That's right. From another standpoint, however, the case may be worse for the Finnish lawyer than the Indian or the Brazilian. They want regional diversity, right, but there are clearly "standard" and "peripherical" regions. They may admitt one Finish this year and another one a couple (or even several) years later. If the goal is to have the strongest global network - and believe me: it is! -, one Finnish or one Austrian or one Potuguese each three or four years is more than enough. But you need tons of Indians, Chinese and Brazilians. I am not sure that, as Toni says, they look for diversity on a single year basis, nor do I think that beign Finnish is a natural advantage. (BTW, Toni has outstanding credentials!). I also think that they decide within a broad and fluid set of standards - there are no "formal realizable rules". They try to build a sort of an "academic welfare function" from very different variables like grades, merit, background, region, etc. The result is obviously a bit "artistic", not to say arbitrary (and I guess also a bit bureaucratic-driven: admission offices have a LOT OF POWER). For instance, I'm from Portugal (a really small country - tiny, in fact!) and I know that another Portuguese was admitted to Harvard this year. Why is that? Is it rational to have two individuals from such a small country? Look, there are only three or four Brazilians, so it makes no sense (Brazil is at least 20 times bigger than Portugal). And it can't be a love for Portugal, since there were only three Portuguese in Harvard Law School in the last 30 years...
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tmalmine
My analysis was obviously simplistic, so thanks to Gar for his deeper one. His point about "diversity-in-the-long-run-and-in-many-areas" admissions seems correct. Additionally, I think we all agree that admission process for American law schools is somewhat mysterious. Only thing you can do is to get as many credentials as possible, write as good an application as you can, and hope for the best. You should also apply to variety of law schools: some of the top 6 schools, some of the top 14 schools, and possibly some top 25 schools. I'm sure you will be admitted to one of them. Bear in mind that there are many excellent law schools in the US, so approach the application process with an open mind. Cheers and good luck! -Toni-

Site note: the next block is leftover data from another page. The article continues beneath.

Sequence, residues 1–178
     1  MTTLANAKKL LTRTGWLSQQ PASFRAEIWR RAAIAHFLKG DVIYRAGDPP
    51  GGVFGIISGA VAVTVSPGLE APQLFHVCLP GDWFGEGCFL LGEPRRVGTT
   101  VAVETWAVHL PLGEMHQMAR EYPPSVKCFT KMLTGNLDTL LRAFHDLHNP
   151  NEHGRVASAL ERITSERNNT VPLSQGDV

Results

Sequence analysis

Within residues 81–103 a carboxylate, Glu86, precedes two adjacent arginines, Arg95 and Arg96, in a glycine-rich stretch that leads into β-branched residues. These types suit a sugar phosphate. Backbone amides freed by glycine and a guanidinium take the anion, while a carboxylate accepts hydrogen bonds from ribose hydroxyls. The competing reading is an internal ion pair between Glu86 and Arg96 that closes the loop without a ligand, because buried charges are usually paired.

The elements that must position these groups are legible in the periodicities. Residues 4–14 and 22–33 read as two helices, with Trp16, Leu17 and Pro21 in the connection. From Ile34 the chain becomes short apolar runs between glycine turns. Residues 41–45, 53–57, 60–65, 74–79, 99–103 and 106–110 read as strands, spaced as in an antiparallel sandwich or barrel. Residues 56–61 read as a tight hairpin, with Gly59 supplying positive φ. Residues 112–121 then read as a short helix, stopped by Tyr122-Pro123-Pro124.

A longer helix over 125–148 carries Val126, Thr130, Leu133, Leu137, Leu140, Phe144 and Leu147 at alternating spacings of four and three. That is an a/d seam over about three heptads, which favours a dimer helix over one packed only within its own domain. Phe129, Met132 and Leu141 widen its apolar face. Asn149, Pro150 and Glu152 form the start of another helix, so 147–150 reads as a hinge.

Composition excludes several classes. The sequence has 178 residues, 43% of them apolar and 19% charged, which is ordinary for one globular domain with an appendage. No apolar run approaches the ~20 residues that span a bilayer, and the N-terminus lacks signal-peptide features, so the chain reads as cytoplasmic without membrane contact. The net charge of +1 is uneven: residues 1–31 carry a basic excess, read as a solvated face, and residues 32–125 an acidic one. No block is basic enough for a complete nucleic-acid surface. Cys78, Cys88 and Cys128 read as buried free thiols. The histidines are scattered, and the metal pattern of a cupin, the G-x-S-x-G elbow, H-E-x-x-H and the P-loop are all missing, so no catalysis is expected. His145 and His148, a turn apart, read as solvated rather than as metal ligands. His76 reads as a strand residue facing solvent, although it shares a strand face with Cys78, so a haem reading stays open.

My analysis was obviously simplistic, so thanks to Gar for his deeper one. His point about "diversity-in-the-long-run-and-in-many-areas" admissions seems correct. Additionally, I think we all agree that admission process for American law schools is somewhat mysterious. Only thing you can do is to get as many credentials as possible, write as good an application as you can, and hope for the best. You should also apply to variety of law schools: some of the top 6 schools, some of the top 14 schools, and possibly some top 25 schools. I'm sure you will be admitted to one of them. Bear in mind that there are many excellent law schools in the US, so approach the application process with an open mind. Cheers and good luck! -Toni-